Virgin Islands artist Vincent “Bing” Malone adds the finishing details to a mural panel depicting a group of people who migrated to Long Look and other areas of eastern Tortola in the early 1800s. The mural, which is to include 20 panels, shows scenes from the history of Long Look. (Photo: DANA KAMPA)

As Virgin Islands artist Vincent “Bing” Malone sat on his chair with a rainbow-coated palette in one hand and a paintbrush in the other, drivers stopped by every few minutes out of curiosity or to offer a quick word of encouragement. At the centre of all the excitement was a colourful splash of Seventh District history in the form of a new mural.

Mr. Malone is recounting the history of Long Look Methodist Church and its surroundings in a multi-panel painting on the retaining wall in front of the churchyard.

The mural starts in 1789, when the first Methodist missionary, Thomas Coke, arrived in the Virgin Islands, and it will conclude with the 50th anniversary celebration of the current church building in 2018. The final panel will depict the opening of the Long Look Heritage Village, when the church hall became home to a pop-up museum.

Vincent “Bing” Malone, a Virgin Islands artist, adds to the story of how the Long Look community formed in his mural located outside Long Look Methodist Church. (Photo: DANA KAMPA)

One of the early panels shows the arrival of residents in Long Look in the early 1800s, many of whom were freed slaves coming from Guana Island, according to Mr. Malone. Bathed in the reddish-orange glow of the sun peaking over the ocean’s horizon, a line of people make their way along the white-sand coast to East End. The rolling green hills in the background are free from buildings and other developments, and pink hibiscus flowers border the scene.

“There was nothing in this area,” Mr. Malone said. “It was a blank wall. It wasn’t even white. Now it’s going to have all these murals.”

At the time of the interview last month, Mr. Malone was working on a panel depicting Hurricane San Mateo, which destroyed many of the homes in Long Look in 1819. He said he plans to blend the panel as he goes, depicting the storm’s destruction on one end and the rebuilding process on the other.

The artist said he got involved in the project at the request of Long Look Heritage Society Chairman Ron Potter, with whom he had worked previously.

“I was delighted to know that he liked my work and appreciated it,” Mr. Malone said.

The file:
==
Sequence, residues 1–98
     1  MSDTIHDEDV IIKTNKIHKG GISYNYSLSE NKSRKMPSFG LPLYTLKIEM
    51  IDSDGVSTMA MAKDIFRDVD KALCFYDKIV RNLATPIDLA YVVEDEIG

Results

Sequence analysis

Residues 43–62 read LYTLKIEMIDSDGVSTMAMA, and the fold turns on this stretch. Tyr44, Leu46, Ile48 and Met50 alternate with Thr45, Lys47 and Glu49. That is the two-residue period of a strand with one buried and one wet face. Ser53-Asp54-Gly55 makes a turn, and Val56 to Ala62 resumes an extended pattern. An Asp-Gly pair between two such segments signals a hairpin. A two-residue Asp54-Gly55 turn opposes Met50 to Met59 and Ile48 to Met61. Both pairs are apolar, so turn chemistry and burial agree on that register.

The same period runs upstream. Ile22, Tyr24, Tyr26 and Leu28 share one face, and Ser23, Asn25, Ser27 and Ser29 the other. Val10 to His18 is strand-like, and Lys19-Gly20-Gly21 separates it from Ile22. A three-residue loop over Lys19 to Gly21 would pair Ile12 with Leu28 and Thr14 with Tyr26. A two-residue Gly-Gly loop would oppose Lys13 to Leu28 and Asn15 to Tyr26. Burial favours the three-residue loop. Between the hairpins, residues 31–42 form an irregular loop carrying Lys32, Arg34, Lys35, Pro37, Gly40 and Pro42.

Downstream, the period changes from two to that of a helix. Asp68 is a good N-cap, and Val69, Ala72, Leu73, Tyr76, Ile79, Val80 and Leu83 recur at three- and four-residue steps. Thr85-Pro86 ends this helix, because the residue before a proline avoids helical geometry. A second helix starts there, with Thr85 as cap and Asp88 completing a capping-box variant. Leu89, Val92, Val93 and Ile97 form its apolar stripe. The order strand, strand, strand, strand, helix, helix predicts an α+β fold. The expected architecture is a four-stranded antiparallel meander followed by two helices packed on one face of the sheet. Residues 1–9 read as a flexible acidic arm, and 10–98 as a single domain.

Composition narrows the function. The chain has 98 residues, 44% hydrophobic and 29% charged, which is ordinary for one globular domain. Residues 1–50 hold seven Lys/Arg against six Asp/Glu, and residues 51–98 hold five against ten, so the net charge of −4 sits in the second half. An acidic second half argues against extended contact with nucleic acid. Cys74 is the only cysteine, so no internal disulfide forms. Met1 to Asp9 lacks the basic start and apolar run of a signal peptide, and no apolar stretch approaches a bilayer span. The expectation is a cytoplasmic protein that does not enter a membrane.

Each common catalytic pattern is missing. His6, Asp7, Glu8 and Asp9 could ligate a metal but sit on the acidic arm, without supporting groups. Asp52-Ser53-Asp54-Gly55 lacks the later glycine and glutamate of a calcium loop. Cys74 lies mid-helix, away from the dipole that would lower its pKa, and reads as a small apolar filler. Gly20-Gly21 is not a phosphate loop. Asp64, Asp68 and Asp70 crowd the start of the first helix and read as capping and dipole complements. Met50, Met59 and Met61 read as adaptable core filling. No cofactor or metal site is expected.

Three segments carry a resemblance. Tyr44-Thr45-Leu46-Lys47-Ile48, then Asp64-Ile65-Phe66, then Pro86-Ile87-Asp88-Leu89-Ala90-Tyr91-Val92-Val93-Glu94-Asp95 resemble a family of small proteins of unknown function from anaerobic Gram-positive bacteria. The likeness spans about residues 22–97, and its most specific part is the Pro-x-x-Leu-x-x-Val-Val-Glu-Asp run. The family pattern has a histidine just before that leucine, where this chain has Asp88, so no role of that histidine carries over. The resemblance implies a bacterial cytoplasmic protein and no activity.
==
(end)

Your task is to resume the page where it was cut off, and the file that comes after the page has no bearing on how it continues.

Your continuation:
A panel from the Long Look mural depicts the damage of Hurricane San Mateo in 1819, and how the community rebuilt. (Photo: DANA KAMPA)

The artist added that it was interesting learning more about the district’s history, particularly how it relates to his own experiences. He recalled staring into the sky when Hurricane Irma hit the territory and seeing a face in the clouds. A billowing grey figure appears in his painting of Hurricane San Mateo, and he said he plans to incorporate one into the future panel about the 2017 hurricanes as well.

The plan is for the mural to recount 20 of the most significant moments in Long Look’s history, including the 1890 uprising against British militia members led by Christopher Fleming and when the church hall was first used as a polling station in 1967 as a representative government was established in the territory.

The heritage society, church leaders and the artist put a lot of thought into what moments from history were important to highlight, Mr. Malone said. Some of those milestones are filled with light-hearted memories, such as the first harvest festival in 1916. But some are more difficult to convey. With the 2017 hurricanes, Mr. Malone said organisers believed it was important to depict and remember how community members came together to help one another.

Nottingham Estate

The project is a collaborative effort between the church and the Long Look Heritage Society, and it was commissioned by Education, Culture, Youth Affairs, Fisheries and Agriculture Minister Dr. Natalio “Sowande” Wheatley (R-D7).

Dr. Wheatley said he supported the artwork as a colourful way to share his district’s history.

“In the Seventh District, we’re very proud of the fact that we’re the home of the formerly enslaved Nottingham people, the free people of Nottingham,” Dr. Wheatley said, describing how the Quakers Samuel and Mary Nottingham freed their slaves in the 1770s and ensured they and their descendants would get the plantation in perpetuity.